Human spirituality is self-transcendence. A spiritual experience is something that lifts us beyond our selves. The true essence of spirituality is to love God with all our heart, soul, strength, and mind; and our neighbor as much as we love our own self. (See Luke 10:27, etc.) There is both a vertical (God-ward) axis and a horizontal (other-ward) axis to this. But, spirituality is always being lifted out of ourselves. Spirituality connects us with God, with the community of faith and with the needs of other people outside the community of faith. These vertical and horizontal axes correspond roughly with the idea of God’s transcendence and God’s immanence. Traditionally, Christian theology has affirmed both God’s transcendence and God’s immanence.
Here is another way of saying it: there is an ecstatic structure to human spirituality. A spiritual experience is something that lifts us beyond ourselves. It may provide us a sense of connection to a higher reality or it may provide us with a sense of connection with other people. Or, it may do both. But, in any case, it lifts us beyond ourselves — outside ourselves.
I realize that this assertion (especially the language of “ecstasy”) is very much open to misinterpretation, so I feel the need to say more about it. (more…)
Oddly enough, Christians often have a difficult time talking meaningfully about spirituality. It is as if words fail us at this point.
We are at the edge of a mystery. We are talking about the ways of God — and the ways in which humans find connection with God. We are not used to thinking of this as something which is open to analysis and investigation. After all: “The wind blows where it chooses, and you hear the sound of it, but you do not know where it comes from or where it goes. So it is with everyone who is born of the Spirit.” (John 3:8 NRSV).
I certainly do not wish to deny this. But, this does not mean that the experience of human spirituality is beyond discussion or analysis — at least to some degree. Yes, there is a mystery to the way God works. But, truth be told, we are surrounded by mystery continually. there is a mystery to the way the world works. We are often unaware of this — but, still, it is true. There is so much about life and the world that we do not — and apparently cannot — fully understand. But, this does not stop us from talking meaningfully about the things we can understand. (more…)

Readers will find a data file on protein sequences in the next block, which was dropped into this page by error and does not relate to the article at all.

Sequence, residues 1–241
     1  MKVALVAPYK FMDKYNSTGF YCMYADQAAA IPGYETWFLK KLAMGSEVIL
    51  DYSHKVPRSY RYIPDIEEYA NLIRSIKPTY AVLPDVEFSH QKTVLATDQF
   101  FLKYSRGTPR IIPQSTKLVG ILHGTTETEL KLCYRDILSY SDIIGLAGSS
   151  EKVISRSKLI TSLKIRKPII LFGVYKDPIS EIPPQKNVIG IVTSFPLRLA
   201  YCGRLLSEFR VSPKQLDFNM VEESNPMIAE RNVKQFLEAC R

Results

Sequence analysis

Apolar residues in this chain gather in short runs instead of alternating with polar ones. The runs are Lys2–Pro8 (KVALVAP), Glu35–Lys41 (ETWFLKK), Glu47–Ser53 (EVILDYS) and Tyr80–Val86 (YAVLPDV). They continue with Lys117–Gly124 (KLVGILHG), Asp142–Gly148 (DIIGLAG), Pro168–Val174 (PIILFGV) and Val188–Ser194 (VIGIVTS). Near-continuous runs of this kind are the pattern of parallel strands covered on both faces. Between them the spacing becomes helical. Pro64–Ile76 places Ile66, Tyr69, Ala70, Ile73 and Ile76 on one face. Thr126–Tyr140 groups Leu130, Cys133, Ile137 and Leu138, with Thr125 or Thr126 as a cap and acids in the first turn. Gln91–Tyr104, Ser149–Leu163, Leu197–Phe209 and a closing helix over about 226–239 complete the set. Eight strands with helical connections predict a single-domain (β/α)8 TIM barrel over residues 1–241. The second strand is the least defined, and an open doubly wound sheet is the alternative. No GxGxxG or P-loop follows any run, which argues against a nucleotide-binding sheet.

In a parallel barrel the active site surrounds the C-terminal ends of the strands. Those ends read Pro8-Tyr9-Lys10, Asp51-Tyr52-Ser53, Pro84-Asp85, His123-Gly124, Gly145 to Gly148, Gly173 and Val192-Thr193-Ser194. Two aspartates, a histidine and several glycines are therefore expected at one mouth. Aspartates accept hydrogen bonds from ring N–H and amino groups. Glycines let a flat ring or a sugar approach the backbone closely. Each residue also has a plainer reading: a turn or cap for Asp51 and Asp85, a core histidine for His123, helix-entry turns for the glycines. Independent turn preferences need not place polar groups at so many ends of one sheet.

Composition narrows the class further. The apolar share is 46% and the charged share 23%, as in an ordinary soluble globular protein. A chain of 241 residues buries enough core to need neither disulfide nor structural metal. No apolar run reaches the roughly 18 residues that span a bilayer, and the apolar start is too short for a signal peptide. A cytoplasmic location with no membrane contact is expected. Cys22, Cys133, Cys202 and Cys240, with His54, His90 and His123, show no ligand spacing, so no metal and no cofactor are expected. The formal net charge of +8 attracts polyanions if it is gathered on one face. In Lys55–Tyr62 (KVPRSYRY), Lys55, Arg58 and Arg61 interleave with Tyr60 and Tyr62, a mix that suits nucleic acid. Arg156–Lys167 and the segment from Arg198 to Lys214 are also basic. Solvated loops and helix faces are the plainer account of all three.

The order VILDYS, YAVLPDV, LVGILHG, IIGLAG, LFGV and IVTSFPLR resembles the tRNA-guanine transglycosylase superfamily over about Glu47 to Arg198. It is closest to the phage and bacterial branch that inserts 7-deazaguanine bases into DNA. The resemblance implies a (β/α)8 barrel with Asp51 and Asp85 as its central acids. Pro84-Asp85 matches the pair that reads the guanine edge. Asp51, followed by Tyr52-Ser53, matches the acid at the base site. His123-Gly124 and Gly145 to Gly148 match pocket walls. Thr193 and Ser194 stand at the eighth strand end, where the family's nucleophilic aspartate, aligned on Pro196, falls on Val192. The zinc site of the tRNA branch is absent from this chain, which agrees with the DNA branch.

Pannenberg sees in the heightened exocentric capability of humans the basis for their uniqueness from other animal forms. In the being-with-others that characterizes their existence, they are able to transcend themselves — to look back on themselves again — and thereby to develop self-consciousness. This exocentrically based development of self-consciousness indicates [this] to him as well as the connection between humans and Spirit. Pannenberg credits the self-transcendence required for this process to the action of the Spirit, who lifts humans above themselves, so that when they are ecstatically with others they are themselves. For this reason self-transcendence cannot be accomplished by the subject itself. Rather, all knowing is possible only through the Spirit.
By extension, the same ecstatic working of the Spirit found in the individual is the basis for the building of community. In fact, community is always an experience brought by the Spirit, who lifts one above oneself.
— Stanley J. Grenz, Reason for Hope: The Systematic Theology of Wolfhart Pannenberg (1989).
I expect worship to be an experience that lifts me out of my pre-occupation with myself. (more…)